Fifteensquared

Never knowingly undersolved.

Guardian 23988 / Paul – difficult

Posted by petebiddlecombe on January 31st, 2007

petebiddlecombe.

Solving time 14:42

Not much to do here, so let’s have a go. This was pretty tough, and there are three clues I don’t understand or can’t quite swallow. For me, these slightly spoil an otherwise entertaining puzzle.

Across
1 LI(T)E,RACY. Romance = lie, “like a Jackie Collins novel” = RACY.
5 ESCHEW – letter swap in Escher.
9 GERONIMO – rev. of minor in Geo- = “earth”.
12 T(HATCHER)IT,E – “old blue” is the def, from the traditional Tory colour.
17 STEE(L)D,RUM
18 SAN(H)E,Dr.,IN
19 DHOTI – TO in half of GanDHI
24 HOT DOG – the first baffler, as I don’t see how you get the DOG part. “Such pants” provides HOT, for those who can remember the fashion of c. 1970. But “taken down” just seems to link up to the mustard and ketchup bit for surface reading purposes. I wondered about a reference to “sausage dog” but it doesn’t seem strong enough. Or am I missing something?
25 DI,STRICT – Princess Diana campaigned against mines, but I can’t make “put her foot down” into “strict” without a “was” in front. OAIMS? again …
27 RE(T.A.)IN,E.R.
Down
1 LEG IT,IM=M1,IS = one’s,E=point
2 TAR,PAUL,IN,S – “me” = (the setter’s pseudonym) is standard Guardian fare.
3 RUN=ladder as in stockings,IC(e)=rocks.
4 COMMENSURATE – “A RUS(k)”<= in COMMENT, then E=point
6 S(HOVEL)LED – time wasted here looking for SNOW????? words, which I suspect was intended.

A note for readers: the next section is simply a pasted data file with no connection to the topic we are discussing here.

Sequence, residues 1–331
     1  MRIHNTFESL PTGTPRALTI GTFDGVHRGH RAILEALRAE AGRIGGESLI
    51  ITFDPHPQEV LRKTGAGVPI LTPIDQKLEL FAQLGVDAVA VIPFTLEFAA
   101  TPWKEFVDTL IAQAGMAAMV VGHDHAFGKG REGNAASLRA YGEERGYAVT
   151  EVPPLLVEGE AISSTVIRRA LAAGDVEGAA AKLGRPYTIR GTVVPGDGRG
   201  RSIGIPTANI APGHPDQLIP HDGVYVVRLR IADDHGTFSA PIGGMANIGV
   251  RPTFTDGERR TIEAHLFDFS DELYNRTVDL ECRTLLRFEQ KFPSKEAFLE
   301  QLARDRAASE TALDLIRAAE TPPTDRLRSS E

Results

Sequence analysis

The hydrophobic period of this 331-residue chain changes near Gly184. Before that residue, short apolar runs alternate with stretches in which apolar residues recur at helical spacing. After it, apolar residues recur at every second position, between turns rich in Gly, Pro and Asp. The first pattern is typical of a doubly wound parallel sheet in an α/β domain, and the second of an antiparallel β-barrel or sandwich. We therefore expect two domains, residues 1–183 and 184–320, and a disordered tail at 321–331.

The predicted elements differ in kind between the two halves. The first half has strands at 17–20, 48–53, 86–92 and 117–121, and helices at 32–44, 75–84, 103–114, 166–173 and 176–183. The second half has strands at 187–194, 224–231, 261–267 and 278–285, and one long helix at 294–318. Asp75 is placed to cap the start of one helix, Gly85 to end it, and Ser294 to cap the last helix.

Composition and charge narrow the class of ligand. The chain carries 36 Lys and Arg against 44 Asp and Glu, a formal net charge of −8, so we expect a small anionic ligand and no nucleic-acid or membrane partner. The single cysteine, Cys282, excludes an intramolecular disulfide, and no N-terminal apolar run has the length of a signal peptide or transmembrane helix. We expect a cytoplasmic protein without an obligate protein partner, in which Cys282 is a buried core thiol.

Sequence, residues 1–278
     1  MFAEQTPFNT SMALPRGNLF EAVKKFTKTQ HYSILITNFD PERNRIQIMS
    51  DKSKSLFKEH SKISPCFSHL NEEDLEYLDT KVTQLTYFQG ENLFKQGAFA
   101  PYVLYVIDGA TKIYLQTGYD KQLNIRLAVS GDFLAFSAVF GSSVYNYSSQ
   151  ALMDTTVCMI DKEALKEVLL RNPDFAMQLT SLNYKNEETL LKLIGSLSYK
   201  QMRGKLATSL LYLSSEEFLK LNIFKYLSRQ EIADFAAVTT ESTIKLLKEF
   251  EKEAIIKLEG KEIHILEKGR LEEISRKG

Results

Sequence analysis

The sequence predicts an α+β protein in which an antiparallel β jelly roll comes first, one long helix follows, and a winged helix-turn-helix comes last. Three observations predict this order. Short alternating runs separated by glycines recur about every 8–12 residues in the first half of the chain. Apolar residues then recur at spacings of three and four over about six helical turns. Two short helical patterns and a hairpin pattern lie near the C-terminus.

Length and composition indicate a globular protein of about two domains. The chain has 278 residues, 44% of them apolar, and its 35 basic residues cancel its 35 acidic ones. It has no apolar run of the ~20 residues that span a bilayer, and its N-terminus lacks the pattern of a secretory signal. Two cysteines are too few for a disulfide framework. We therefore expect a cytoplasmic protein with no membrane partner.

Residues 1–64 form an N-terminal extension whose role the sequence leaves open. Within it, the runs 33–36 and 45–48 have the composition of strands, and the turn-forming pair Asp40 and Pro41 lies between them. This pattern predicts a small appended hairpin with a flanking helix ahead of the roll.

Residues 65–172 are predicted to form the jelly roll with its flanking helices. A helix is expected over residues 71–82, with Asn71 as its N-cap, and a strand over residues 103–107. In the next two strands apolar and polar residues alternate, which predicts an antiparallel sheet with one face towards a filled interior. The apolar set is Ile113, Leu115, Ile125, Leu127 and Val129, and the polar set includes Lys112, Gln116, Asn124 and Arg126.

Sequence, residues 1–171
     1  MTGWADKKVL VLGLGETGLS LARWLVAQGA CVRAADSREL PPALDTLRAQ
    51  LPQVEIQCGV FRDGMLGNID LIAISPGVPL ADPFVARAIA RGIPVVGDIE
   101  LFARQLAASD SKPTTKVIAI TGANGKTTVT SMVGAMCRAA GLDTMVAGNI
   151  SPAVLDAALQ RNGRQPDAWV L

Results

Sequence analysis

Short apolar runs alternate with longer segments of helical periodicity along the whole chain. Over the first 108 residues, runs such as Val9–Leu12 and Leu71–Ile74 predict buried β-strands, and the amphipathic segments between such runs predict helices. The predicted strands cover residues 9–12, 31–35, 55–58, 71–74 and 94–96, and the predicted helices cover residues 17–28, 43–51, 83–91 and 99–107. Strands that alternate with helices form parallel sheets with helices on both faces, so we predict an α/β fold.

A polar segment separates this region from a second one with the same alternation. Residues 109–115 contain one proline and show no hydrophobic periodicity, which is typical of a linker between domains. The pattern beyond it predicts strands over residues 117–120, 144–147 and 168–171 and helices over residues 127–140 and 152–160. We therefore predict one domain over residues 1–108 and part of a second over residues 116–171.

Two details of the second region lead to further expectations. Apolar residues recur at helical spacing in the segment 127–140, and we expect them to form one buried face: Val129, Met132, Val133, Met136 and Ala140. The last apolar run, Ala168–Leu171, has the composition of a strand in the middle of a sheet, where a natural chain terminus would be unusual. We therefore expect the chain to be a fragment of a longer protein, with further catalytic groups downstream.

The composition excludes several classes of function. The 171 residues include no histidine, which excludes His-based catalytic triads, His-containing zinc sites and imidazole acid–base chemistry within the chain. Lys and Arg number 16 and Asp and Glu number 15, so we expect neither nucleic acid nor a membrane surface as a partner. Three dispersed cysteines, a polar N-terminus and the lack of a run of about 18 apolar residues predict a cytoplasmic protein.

11 RISE AND SHINE = “get up”. “rhin-” = nose-related, there’s an anagram of hair in there, and ne is an archaism for not=”never”, but if these are relevant, the rest is a closed book to me. Any offers?
14 AMBIDEXTER – cryptic def.
16 STERN,POST
21 U,L.T.(R)A. – LTA = Lawn Tennis Assoc. = “racketeers”
22 SHE,M

7 Responses to “Guardian 23988 / Paul – difficult”

  1. says:

    20, 24 are two well-constructed run-on clues:
    20 is NOT A SAUSAGE clued by “nothing dissimilar to…” so it’s “nothing” and it’s “dissimilar” to 24 which is HOT DOG. I think that “such pants” is what happens when a DOG is HOT.

    11D is a rather cleverly indicated anagram ([o]ne’s n[o]se? I d[o], hair)* where O removal is indicated by “never old”. Ximenean?

  2. says:

    Good work, Ilan. 24A is my fault entirely – spot the cat owner… 11D: Strict Ximeneans might quibble with the punctuation in “old-fashioned”, but for daily paper purposes I’m not too fussed. That said, the combination of O-deletions and “split fodder” (separated by ‘with’) makes this a very complex bit of construction, so I wonder how many solvers understood this clue.

  3. says:

    Have to agree re. 25, the surface was clearly irresistable.

  4. says:

    I was defeated by RISE AND SHINE, but it finally makes sense (thanks to Ilan). I rather like the fact that ‘never old’ means you take out ALL of the Os – too often you see ‘pointless’ inaccurately used to mean ‘delete an N while leaving an S and two Es’ or some such. But while I read ‘Such pants’ first as meaning ‘hot pants’, then as meaning ‘what a hot dog does’, neither justifies ‘taken down’ as far as I can see. And quite right about DISTRICT. Stricter editing required?

  5. says:

    I guess “taken down smothered in ketchup and mustard” = “something taken down …”, with “taken down” interpreted as “being eaten”. Still a bit of a stretch, so I’ll change to “mostly my fault”.

  6. says:

    I think this was a bit quicker than the average Paul for me (12’06″), with some agonising over the spelling of AMBIDEXT(E/O)R. I didn’t get any of the clues mentioned above until reading this blog, but I love ‘such pants’ for ‘hot dog’. The hyphenated ‘old-fashioned’ is a bit stretched even for the Guardian, but I completely agree with Mick’s comment about ‘never’ and ‘pointless’.

  7. says:

    Is the ‘taken down’ not referring to the fact that when you buy a hot-dog you usually ‘take it down’ as the guy in the hot dog van is usually above you and hands it down to you (suggested to me by Nimrod last night)?

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